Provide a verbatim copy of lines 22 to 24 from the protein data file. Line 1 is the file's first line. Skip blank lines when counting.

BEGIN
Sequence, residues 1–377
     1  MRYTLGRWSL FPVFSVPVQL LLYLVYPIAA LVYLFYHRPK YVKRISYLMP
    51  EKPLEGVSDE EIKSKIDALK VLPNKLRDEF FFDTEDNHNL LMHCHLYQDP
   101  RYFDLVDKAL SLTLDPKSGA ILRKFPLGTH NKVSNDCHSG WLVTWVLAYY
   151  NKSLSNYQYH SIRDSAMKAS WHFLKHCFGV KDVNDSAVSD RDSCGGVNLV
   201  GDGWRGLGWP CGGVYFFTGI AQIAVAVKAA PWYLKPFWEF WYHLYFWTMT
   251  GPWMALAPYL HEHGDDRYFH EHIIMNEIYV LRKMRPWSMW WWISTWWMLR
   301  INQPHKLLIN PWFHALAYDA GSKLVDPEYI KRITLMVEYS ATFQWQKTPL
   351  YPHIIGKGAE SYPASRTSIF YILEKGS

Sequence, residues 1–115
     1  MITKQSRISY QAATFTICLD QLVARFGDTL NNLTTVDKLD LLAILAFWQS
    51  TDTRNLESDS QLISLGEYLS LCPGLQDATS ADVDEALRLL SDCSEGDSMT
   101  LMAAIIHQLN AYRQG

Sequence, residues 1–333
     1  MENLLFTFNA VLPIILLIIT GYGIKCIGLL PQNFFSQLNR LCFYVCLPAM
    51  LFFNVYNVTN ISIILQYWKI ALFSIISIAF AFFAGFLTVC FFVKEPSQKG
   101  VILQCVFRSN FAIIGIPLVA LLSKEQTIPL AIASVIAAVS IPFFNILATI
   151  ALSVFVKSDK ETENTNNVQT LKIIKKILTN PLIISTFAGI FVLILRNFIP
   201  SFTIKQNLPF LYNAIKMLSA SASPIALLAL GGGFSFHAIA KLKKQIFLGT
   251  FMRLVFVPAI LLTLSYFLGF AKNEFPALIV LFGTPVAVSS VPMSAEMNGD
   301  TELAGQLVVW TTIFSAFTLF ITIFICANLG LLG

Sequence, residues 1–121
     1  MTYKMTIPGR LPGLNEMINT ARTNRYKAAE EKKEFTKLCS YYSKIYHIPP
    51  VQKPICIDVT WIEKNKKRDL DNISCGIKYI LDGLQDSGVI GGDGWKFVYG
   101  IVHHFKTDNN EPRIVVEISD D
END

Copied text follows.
Sequence, residues 1–121
     1  MTYKMTIPGR LPGLNEMINT ARTNRYKAAE EKKEFTKLCS YYSKIYHIPP
    51  VQKPICIDVT WIEKNKKRDL DNISCGIKYI LDGLQDSGVI GGDGWKFVYG